So on to my final highlight, a tourist trip along the Bosphorus river, again recommended by Berna. The Bosphorus splits the European side of Istanbul into two (Sultanahmet on the West and Taksim on the East), and also flows out into the Mediterranean to mark the easternmost end of Europe in Turkey, and the start of Asia. Boat tours start at the noisy hubbub of the New Mosque and Spice Market in Eminonu, where the boat tour operators blare catchy Turkish pop music at you while chanting “Bosfor, Bosfor” into their microphones (doing a good impression of Shaggy practicing his MCing), while colourful but violently bobbing kitchen-boats, moored at the side of the river, dish out kebabs, donuts and glasses of Turkish tea to diners (who I’m relieved to say stay on dry land to eat, just watching the boats lurch was enough to make me feel ill).

Kitchen Party Disco!

But as the boat sets off towards Asia, leaving Sultanahmet behind, you quickly feel the calm wash over you. The Bosphorus is a busy yet tranquil river, wide and blue, and as you head for the Asian bank and watch the silhouetted skyline of Sultanahmet drift away, softened by the haze, and see the mix of modern skyscrapers and apartments and ancient minarets and palaces, you realise you’re between continents – between East and West.

East on the left; West on the right; Bosphor in the middle

And so that brings me to the end of our trip. 2 weeks by train from London to Istanbul, not quite on the old route of the Orient Express, but near enough to be able to tell my proverbial grandkids about. It’s been an experience, and as a pretty novice traveller, one which I never imagined I’d ever have. I must admit that thinking about all the things I’d managed to do and see in such a short amount of time, and that I’d actually made it in one piece (well just about, we won’t mention the food poisoning on my last night), I found myself a little bit emotional at the airport (Sabiha Gokcen, on the Asian side of Istanbul) while I sipped my Turkish tea – and waited for my flight home.

Days since leaving the UK: 12, 13 and 14

Kilometers travelled by train: 3310 + 485 = 3795. Plus another 31km by coach, which makes a grand total of… drum roll please… 3826km,or 2377 miles! (ish).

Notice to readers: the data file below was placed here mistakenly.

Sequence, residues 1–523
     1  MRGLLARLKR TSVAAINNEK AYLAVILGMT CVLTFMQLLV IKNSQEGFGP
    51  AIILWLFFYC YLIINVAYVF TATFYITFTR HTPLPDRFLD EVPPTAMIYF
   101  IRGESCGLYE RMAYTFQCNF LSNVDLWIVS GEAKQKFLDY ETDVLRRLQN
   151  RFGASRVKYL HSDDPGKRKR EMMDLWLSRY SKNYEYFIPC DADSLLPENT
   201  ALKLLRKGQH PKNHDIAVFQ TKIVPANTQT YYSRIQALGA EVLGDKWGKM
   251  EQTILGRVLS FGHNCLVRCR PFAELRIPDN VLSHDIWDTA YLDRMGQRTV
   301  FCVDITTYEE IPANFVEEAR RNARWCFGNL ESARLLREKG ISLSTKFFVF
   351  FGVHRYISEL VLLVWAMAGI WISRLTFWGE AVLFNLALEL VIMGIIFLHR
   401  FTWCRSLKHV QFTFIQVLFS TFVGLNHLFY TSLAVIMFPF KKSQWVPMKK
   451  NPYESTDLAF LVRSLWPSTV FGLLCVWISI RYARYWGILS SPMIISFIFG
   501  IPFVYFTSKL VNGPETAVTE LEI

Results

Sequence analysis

Weather: a hazy and balmy 10 degrees C

Continents crossed: 1

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The Bosfor Express

Inside the Bosfor Express

The once daily, overnight Bosfor Express is our only way out of Bulgaria into Turkey by train. The alternative, by bus, Elena tells us, may well be quicker, but the quality of roads in Bulgaria, the age of the buses often used, and the tendency for buses to be cancelled without warning, means that we need to get the train to be sure of getting there before I have to fly home!

Hostel Mostel’s Todd

As there’s only one train a day, we check the time and price straight away, and decide it’d probably be a good idea to buy our tickets as soon as possible so we don’t miss our connection. Todd at the hostel shows us on the map where the international ticket office is in Veliko, but when we get there we are told by the Tourist Information next door, that it’s closed till the end of the week and we have 2 options – first is to take a bus to the next town, Gorna Oryahovitsa, which takes 40 minutes, find the international ticket office at the railway station there, buy our tickets, and come back on the bus. Or, we can get a Bulgarian ticket to the border, get off the train (although she’s not sure how long it stops there), and go to the ticket office there to get the rest of our ticket into Turkey. Not an option that fills us with confidence, especially as it’s a sleeper and we know the border crossing happens around 1am, so we opt for a trip out to Gorna – at least we get to see a bit more of Bulgaria.

On the minibus

We set out to find the right bus, manage to flag it down and we ask for Gorna Oryahovitsa. We’re waved brusquely onto the bus, which is seems to be a minicoach from about 1981, and a conductor sells us a ticket. The journey to Gorna is uneventful, but the day is sunny and we get to see the Balkans surrounding Veliko fade back into the flatter area around Gorna, as well as see the rustic old buildings of Veliko disappear to be replaced by the more small-town urbanness of Gorna.

Bus stop back to Veliko

We’re not sure where to get off the bus though so as it looks like we’re on our way out of Gorna again we try and get off – but suddenly realise there’s no bell to ring and neither the conductor nor driver speak English! Fortunately standing up and moving towards the door seemed to work as I shoved Dave out of his seat, and we made the short walk back into town, and managed somehow, despite the ticket lady speaking no English either, to get approximately the right tickets for our last train journey, taking us towards the other end of Europe.

That’s a sink there. Yup really, bottom left. The thing that looks like a table.

When we get on the train, it turns out our sleeper carriage was booked as a couchette cabin (for 6 people) when we had requested a private 2-person berth so we could get some sleep. To be honest I think this was probably down to me nodding and shaking my head too eagerly in the wrong places at the ticket lady, but for €15 each we were allowed to upgrade, and we were let into a dark wood-veneered (but I suspect still not hugely expensive) and brass-painted cabin, with a fold-down sink, carpeted ladder to the top bunk, and small mirrored cupboard! I feel very Agatha Christie, and we settle down and wait for our 1am customs call at the Turkish border…

To Turkey!